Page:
Reps on the GRAMMYs Red Carpet┃Andrew Sankovich 

Moving into Crypto.com Arena to be seated for the telecast portion of the evening, the GRAMMY U Reps were ecstatic to watch the ceremony in person. As legends like Joni Mitchell, Billy Joel, Tracy Chapman, and Stevie Wonder blazed on stage, all the Reps were singing and dancing along, thrilled to be a part of Music’s Biggest Night. Phenomenal performances from nominees SZA, Billie Eilish, Olivia Rodrigo, Dua Lipa, Miley Cyrus, and Luke Combs were equally captivating. 

Witnessing the live telecast after experiencing so much behind-the-scenes production exemplified how rewarding the music industry can be, and how prestigious winning a GRAMMY truly is. The quiet suspense before a winner was announced and the roars that followed created a rollercoaster of emotions that took our breath away.

Immediately afterward, we were off to enjoy the official GRAMMYs After-Party  — and not even the constant showers could not rain on our parade. The Reps hit the dancefloor as soon as NE-YO took the stage, and hearing "Time of Our Lives" felt especially relatable. 

As we headed back home on our United flights, we reflected on an exhilarating GRAMMY Week. Not only were we able to be part of exclusive events, but we also interacted with artists, learned from experts, and grew exponentially. Experiencing these moments with the other Reps brought our team closer, while meeting members and peers showed the expansive community GRAMMY U is cultivating.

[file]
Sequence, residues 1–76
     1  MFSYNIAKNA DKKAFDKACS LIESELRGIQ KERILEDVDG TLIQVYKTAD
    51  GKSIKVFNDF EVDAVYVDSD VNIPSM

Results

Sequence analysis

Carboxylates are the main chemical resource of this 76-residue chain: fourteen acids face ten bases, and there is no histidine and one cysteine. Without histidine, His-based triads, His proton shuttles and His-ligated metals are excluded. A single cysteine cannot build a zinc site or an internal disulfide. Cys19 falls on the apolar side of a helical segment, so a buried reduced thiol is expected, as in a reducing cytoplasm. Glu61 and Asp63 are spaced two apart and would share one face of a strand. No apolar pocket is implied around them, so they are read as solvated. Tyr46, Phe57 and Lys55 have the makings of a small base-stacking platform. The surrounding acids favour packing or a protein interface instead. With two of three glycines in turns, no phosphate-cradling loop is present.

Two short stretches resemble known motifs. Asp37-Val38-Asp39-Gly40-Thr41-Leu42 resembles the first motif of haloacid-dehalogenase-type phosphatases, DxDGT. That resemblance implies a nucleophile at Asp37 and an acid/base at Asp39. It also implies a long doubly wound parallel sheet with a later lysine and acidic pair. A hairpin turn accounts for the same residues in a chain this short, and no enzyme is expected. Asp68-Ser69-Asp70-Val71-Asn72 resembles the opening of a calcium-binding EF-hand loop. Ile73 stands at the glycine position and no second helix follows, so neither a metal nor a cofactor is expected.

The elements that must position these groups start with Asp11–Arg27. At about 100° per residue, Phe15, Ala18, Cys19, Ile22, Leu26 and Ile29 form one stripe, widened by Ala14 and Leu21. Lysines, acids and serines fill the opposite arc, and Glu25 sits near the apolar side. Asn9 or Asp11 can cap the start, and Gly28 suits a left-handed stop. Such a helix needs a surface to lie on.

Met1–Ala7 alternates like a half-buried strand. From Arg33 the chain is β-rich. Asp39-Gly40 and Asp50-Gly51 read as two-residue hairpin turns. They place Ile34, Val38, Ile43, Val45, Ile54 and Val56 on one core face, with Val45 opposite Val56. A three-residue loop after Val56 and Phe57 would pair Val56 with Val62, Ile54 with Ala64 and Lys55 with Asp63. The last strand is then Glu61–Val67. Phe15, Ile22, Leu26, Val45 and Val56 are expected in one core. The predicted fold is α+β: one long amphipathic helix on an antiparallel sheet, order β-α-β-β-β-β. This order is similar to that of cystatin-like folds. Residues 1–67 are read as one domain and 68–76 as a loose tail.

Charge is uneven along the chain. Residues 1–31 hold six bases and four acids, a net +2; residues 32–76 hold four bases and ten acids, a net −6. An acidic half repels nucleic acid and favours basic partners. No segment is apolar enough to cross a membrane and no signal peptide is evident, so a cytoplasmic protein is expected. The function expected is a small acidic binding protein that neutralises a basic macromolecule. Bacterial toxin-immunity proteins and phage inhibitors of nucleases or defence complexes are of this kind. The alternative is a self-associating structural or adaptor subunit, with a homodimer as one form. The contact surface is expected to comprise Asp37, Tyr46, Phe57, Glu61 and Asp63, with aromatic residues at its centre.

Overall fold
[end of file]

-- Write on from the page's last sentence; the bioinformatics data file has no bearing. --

Because of United, we witnessed all the Recording Academy does for the music industry. After GRAMMY Week, we feel more inspired and empowered than ever to lead the next generation of the music industry.

With additional reporting from Pierson Livingston.

2024 GRAMMYs: See The Full Winners & Nominees List

10 Ways TLC Shaped The Future Of R&B
TLC in 1999.

Photo: Ron Davis/Getty Images

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10 Ways TLC Shaped The Future Of R&B

As the trailblazing trio's blockbuster albums 'CrazySexyCool' and 'FanMail' celebrate milestone anniversaries, dig into how TLC's fearlessness changed R&B — and music as a whole.

GRAMMYs/Feb 22, 2024 - 03:12 pm

From the moment TLC burst onto the scene in 1991, they've tested the limits of what R&B is and can be. Formed as a tomboyish alternative to Bell Biv DeVoe, the Atlanta trio soon ended up eclipsing the New Jack Swing pioneers — and pretty much every other R&B act of the 1990s — with a sound and style that perfectly straddled the gritty and the smooth, the playful and the poetic, and the old and the new.